On a holiday in Prague – my late father’s home town – I made an unexpected discovery, finding the names of relatives I never knew existed written on the wall of a memorial for murdered Holocaust victims in the Pinkas Synagogue. It totally flawed me. Who were these people and why hadn’t I heard about them before?
As a child I had always longed for relatives and here I had found some but they had been murdered. I always had a niggling feeling there was something in my dad’s family history that didn’t add up. I knew he had fled Prague at the age of eight, a little boy arriving in England all alone, which was an extraordinary story in itself. I knew that his mum and dad had been sent to Theresienstadt concentration camp which miraculously they survived.
As I got older, I questioned how that could happen, how were they not killed along with the six million other Jews slaughtered in the Holocaust and the answers I was given were never wholly satisfactory. So, I started to assume that there was a dark secret, that probably they had collaborated to save their skin. Perhaps they were members of the “Judenraat”, the group of Jewish elders in the camp who had the horrible task of choosing those sent on the transports “East”. I thought this was why no one talked about it.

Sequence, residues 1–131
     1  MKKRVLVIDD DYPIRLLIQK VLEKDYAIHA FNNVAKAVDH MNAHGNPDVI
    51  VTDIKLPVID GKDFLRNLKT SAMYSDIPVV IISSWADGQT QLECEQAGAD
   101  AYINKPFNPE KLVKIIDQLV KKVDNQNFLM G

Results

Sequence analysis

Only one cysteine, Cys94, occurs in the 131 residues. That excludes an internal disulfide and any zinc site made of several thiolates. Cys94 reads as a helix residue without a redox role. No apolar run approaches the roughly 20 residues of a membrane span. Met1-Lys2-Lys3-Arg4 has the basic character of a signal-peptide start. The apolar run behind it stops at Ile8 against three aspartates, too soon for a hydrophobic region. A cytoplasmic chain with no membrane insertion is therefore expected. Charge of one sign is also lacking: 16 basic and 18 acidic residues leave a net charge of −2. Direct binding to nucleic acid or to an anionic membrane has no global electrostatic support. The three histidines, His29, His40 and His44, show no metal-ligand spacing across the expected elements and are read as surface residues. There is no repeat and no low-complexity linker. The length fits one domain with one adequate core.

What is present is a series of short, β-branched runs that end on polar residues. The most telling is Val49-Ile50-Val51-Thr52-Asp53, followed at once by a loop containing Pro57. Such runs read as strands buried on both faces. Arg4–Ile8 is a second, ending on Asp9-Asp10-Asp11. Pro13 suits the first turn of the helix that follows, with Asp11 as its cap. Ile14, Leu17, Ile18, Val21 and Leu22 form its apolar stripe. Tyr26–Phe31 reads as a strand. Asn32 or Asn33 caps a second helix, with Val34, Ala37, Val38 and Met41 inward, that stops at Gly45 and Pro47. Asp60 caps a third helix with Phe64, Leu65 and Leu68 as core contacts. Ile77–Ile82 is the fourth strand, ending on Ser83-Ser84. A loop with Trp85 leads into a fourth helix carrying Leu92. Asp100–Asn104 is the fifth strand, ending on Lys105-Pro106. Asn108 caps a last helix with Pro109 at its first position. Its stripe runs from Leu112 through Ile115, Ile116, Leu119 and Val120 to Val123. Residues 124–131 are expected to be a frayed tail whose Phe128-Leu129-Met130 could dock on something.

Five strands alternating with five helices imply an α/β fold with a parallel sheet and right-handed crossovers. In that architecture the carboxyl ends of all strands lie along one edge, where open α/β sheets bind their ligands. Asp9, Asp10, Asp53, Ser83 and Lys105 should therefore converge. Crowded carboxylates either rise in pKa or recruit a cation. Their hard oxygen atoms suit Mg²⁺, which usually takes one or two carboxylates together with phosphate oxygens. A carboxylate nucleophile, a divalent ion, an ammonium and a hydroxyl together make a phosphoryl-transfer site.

As it turned out I was right, there were secrets but they were darker than I could ever have imagined. I found two huge families …and then I found out what had happened to them all. It was a massacre. At first, I wondered if my dad knew, then as my research kicked in I discovered yes he knew, and he locked the pain away in his head. I spent hundreds of hours piecing together the research and was given access to archives all over the world. I journeyed to Eastern Europe to the memorials at Auschwitz and Theresienstadt and to the UK and what I discovered was deeply shocking.
I also explored my father’s experiences as a Jewish refugee in England and while his life was saved, it wasn’t without conditions.Dad escaped Prague a week before Hitler marched through the streets. His saviour was a Christian mission called the Barbican Mission to the Jews. He was one of 68 Czech Jewish children airlifted out in the nick of time by the Mission. They were then raised in a children’s home in the south of England. But there was a proviso. In order to be granted a place on the evacuation, these Jewish parents had to agree to their children being converted to Christianity and as I dug into the Mission’s archives, the zeal for that conversion took my breath away.
I won’t reveal any more – it’s all in the book. But despite the traumatic discoveries I made, the pleasure in writing this book has been that it has allowed me to reconnect with the father I loved so dearly and to understand the depth of his courage and selflessness in the face of extreme cruelty.
The Carousel would like to thank Juliet Rieden for sharing her story.
Journalist and author Juliet Rieden has spent the past two years on a heartbreaking journey to uncover a personal Holocaust tragedy. Here she reveals the story behind her book The Writing on the Wall. The Writing on the Wall by Juliet Rieden with a foreword by Magda Szubanski is published by Pan Macmillan. On sale now in all good bookstores and from amazon.com.au.